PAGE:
Flowering Plants Visited by Syrphus torvus in Illinois
(observations are from Robertson, Graenicher, Anderson & Hill, Schemske et al., and Small)
Apiaceae: Chaerophyllum procumbens sn (Rb), Heracleum maximum sn (Rb); Aquifoliaceae: Nemopanthus mucronatus (Sm); Asteraceae: Aster drummondii sn/fp (Gr), Aster laevis sn/fp (Gr), Aster lateriflorus sn (Rb); Brassicaceae: Arabis shortii sn (Rb), Dentaria laciniata (Shm); Hamamelidaceae: Hamamelis virginiana sn/fp (AH); Lauraceae: Sassafras albidum sn (Rb); Polygonaceae: Persicaria pensylvanica sn (Rb); Portulacaceae: Claytonia virginica sn (Rb, Shm); Ranunculaceae: Enemion biternatum fp/exp (Shm), Ranunculus septentrionalis sn (Rb); Rosaceae: Aronia melanocarpa fq (Sm), Crataegus intricata sn (Rb), Prunus americana sn (Rb); Salicaceae: Salix amygdaloides [pist sn] (Rb), Salix rigida [stam sn] (Rb)
Life History and Behavior
Molecular Biology and Genetics
Barcode data: Syrphus torvus
Below is the sequence of the barcode region Cytochrome oxidase subunit 1 (COI or COX1) from a member of the species.
See the BOLD taxonomy browser for more complete information about this specimen.
Other sequences that do not yet meet barcode criteria may also be available.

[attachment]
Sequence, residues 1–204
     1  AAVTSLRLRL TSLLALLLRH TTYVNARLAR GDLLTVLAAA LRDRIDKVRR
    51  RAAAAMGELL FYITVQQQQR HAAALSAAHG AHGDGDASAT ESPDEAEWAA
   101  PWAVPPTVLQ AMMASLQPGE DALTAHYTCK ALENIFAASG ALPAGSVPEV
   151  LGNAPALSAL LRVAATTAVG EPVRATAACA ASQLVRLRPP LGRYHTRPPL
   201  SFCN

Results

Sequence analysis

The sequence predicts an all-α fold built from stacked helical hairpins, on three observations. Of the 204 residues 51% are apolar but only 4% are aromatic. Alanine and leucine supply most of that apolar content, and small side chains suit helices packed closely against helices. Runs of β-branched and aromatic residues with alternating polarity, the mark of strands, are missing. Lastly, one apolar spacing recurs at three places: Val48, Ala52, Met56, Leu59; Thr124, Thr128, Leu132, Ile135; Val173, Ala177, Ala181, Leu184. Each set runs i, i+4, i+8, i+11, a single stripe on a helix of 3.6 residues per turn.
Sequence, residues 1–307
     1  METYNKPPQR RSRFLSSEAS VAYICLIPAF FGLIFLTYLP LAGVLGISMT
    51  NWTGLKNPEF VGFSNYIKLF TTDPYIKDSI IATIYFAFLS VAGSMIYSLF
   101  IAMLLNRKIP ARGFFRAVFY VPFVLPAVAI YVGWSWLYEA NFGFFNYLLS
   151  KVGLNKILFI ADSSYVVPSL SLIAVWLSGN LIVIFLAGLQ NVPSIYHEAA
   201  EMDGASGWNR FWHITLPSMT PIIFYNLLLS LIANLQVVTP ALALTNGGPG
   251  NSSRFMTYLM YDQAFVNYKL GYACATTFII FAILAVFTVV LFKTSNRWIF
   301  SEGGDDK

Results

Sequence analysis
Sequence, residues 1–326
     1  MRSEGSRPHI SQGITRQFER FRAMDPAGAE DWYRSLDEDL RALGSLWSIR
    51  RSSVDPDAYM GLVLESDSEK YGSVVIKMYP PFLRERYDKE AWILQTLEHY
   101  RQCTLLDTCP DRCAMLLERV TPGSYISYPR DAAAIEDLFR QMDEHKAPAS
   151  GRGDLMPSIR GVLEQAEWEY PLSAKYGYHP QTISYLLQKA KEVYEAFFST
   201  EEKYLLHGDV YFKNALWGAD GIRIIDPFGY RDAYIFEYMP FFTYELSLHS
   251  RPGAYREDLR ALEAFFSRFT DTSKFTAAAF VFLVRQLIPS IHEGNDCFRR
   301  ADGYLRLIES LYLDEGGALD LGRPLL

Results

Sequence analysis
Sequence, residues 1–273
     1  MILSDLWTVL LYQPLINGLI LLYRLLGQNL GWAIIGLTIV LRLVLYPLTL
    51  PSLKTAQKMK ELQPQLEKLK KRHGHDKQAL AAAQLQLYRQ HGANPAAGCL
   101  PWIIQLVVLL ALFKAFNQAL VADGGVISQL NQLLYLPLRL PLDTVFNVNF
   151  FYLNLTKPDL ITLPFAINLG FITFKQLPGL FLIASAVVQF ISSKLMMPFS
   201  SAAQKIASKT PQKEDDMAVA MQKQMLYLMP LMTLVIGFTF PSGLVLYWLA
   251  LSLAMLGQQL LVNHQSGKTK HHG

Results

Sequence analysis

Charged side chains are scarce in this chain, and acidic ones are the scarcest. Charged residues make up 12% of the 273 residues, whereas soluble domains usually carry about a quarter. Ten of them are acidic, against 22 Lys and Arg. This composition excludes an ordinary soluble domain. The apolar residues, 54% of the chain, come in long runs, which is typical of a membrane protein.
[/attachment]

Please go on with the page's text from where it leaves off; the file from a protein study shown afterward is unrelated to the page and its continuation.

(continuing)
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Download FASTA File
Statistics of barcoding coverage: Syrphus torvus
Public Records: 4
Specimens with Barcodes: 56
Species With Barcodes: 1
Syrphus torvus is a medium-sized hoverfly that somewhat resembles a wasp, with adults measuring 10 to 13 mm (0.4 to 0.5 in). The head is broad and the large brown compound eyes have hairy surfaces, more obvious in males than females. The eyes are nearly touching in males but are more widely separated in females. The face and short antennae are yellow. The thorax is black, the legs yellow and black, and the single pair of wings is translucent with dark veining. The abdomen is oblong and slightly flattened. It is fringed with short yellow hairs and striped in yellow and black, the first yellow stripe being divided by a central black bar.
Distribution and habitat
Syrphus torvus is a common species and is found in the Palearctic ecozone including Europe, Asia and North America. It is often found in woodland or near the verges of woods. Large numbers of hoverflies of this species and of Metasyrphus sp. have been observed on Mount McKinley in the Rocky Mountains at altitudes of 5,000 metres (16,000 ft) at the head of the Kahiltna Glacier.
Syrphus torvus is on the wing from spring to autumn. It is a migratory species. Adults feed on pollen and nectar and are particularly attracted to yellow and white flowers. The larvae feed on aphids and the insect overwinters as larvae.
- "Hoverflies (Syrphidae)". The Garden Safari. Retrieved 2014-12-03.
- Edwards, J. S. (1987). "Arthropods of Alpine Aeolian Ecosystems". Entomology 32: 163–179. doi:10.1146/annurev.en.32.010187.001115.
- Stubbs, Alan E.; Falk, Steven J. (1983). British Hoverflies: An Illustrated Identification Guide. British Entomological & Natural History Society. p. 233, xvpp.
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